E-commerce websites that deviate from these best practices are not as successful as those that use these proven sitemaps. The leading e-commerce and Fortune 100 sites (e.g., Target, Sears, Kmart, Walmart, etc.) are all pretty much organized the same. Why? After millions of dollars of user-interface research, these giants have learned what people expect, and they do not want to learn something new.
Imagine being on vacation and you go to a grocery store looking for coffee. In this particular store, the coffee section is next to the butcher department and is labeled ‘hot morning liquids.’ Chances are you would have a hard time finding it and possibly be grumpy the rest of the day because you did not get your caffeine.
Job no. 1: no grumpy website visitors.
Your marching orders are to review 10 to 20 different schools websites and see what the similarities are. There is a lot of knowledge to gain from this exercise. Take notes and take screenshots that you can use to put together a plan for your sitemap. Check with your school website provider to see if they’re applying some of these best practices.
3. Create an outline
Just like a good book, a process or a plan, it all starts with an outline. This is your opportunity to work the pages around like molding clay to gain an understanding of how information is organized.
Powermapper, a cool tool that can help you generate a site map of your current website for reference, is a good place to start if you don’t have access to your sitemap. (You can always check with your current website hosting provider for that as well.) You will be reviewing your website and working this information into an outline.
Get something down in writing and make it easy on your team to make adjustments. We use Google Docs to collaborate on the sitemap outline and other documents before we plug it this information into our own Campus Suite sitebuilder. Feel free to add all of the pages and organize them in a tiered-outline fashion along with each school. Later in this article we will review more about how to start refining this information.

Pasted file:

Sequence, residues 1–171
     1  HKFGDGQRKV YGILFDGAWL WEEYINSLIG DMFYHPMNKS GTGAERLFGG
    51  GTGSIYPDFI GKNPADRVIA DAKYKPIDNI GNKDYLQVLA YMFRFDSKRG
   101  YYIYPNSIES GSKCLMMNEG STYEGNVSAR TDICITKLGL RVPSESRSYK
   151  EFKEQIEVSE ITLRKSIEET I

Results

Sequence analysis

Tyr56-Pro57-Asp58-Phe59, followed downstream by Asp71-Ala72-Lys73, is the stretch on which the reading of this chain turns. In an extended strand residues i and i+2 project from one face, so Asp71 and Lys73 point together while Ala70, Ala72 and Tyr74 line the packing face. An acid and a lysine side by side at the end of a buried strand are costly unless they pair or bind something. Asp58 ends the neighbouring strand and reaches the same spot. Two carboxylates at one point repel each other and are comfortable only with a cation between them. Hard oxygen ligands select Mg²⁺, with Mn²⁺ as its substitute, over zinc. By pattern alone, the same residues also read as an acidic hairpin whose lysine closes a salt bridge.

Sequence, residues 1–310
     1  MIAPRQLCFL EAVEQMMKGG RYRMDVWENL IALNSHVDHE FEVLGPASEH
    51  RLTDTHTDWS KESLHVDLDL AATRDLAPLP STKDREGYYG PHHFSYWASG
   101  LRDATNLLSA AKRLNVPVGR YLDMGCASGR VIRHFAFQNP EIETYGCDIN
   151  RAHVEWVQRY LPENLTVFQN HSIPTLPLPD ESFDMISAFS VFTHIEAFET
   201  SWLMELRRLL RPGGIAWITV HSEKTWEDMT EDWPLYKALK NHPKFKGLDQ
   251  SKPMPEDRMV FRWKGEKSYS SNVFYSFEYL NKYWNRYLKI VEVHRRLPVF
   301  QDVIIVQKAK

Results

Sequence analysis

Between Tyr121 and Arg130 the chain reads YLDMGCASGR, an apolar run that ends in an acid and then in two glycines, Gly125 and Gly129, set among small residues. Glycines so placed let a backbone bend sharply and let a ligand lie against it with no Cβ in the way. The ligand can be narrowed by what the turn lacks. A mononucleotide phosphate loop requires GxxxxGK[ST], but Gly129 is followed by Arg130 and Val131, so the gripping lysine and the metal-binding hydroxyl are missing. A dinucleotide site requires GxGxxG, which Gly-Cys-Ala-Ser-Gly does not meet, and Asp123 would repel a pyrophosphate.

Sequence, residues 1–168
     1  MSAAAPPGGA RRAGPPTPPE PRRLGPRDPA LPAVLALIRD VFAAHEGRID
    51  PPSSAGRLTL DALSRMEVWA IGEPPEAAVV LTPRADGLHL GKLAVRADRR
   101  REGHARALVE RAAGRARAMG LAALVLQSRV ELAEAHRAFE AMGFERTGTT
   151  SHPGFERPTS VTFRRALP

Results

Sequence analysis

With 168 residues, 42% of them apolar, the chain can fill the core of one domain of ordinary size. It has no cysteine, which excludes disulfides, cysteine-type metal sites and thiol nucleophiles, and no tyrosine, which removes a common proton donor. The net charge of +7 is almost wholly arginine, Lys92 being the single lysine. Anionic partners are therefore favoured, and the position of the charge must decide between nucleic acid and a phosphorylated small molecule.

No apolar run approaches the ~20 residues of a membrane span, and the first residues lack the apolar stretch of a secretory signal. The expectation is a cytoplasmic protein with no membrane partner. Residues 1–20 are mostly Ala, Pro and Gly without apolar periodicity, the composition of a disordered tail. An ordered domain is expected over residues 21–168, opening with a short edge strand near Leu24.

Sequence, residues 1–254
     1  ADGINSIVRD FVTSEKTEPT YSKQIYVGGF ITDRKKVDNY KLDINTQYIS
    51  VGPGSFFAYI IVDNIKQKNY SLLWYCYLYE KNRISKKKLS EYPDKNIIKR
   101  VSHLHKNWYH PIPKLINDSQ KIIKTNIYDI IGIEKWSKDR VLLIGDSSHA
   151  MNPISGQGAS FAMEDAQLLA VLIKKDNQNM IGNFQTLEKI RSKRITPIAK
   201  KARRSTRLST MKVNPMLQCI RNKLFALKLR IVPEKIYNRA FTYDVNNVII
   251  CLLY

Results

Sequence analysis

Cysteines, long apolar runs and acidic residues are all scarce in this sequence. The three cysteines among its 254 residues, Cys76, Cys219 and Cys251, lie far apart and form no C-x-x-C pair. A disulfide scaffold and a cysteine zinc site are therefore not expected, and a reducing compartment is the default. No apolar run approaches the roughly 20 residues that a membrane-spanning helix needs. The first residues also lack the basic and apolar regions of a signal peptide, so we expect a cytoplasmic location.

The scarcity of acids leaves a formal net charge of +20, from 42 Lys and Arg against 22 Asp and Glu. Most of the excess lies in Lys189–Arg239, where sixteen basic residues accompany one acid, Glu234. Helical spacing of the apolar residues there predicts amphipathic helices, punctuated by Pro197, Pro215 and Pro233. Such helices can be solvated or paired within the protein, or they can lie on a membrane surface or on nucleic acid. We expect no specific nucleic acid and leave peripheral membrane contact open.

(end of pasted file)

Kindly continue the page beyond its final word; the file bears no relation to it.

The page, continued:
4. Keep it simple and common
Naming is one of the most important aspects of navigation. Whether it’s the top-level names or some of the drill-down terms you use, keep the naming of your navigation links concise and simple
Again, look at your research on what other schools are doing. Be sure to avoid jargon or internal edu-speak. Some terms you use may mean more to a staffer with his or her D. Ed. than it would to a parent, so think “lowest common denominator” when arriving at page names that are meaningful to most everyone.
As a parent of two school-age children, I often use their district’s website. Now, I’ve see thousands of school websites., and overwhelmingly the tab for schools is named, “Schools”. Yet my district chooses to use the term, “Buildings”. Not good. Internally, the district’s operations and transportation staff may refer to the schools as buildings but parents certainly don’t. It’s like referring to “teachers” as “workers”.
I’ve seen thousands of school websites and by far most of them use the term ‘schools” to refer to the schools. Now maybe internally the district’s operations and transportation staff might refer to the schools as buildings, but parents don’t. It’s like calling your teacher “Worker."
Besides being unclear, such language is not friendly to the visitors of the website. My point is make sure you use common names for your navigation. If it is a contact page, do not call it “Connect with Us.”
5. Heed the golden rule of 7 links
Now we are going to start getting a little scientific. While there is debate over our ability to memorize and process only a certain number of words and images, a long-held rule of thumb is that when a section or a drop-down menu exceeds seven links, the user can no longer skim read, forcing them to read the links one by one.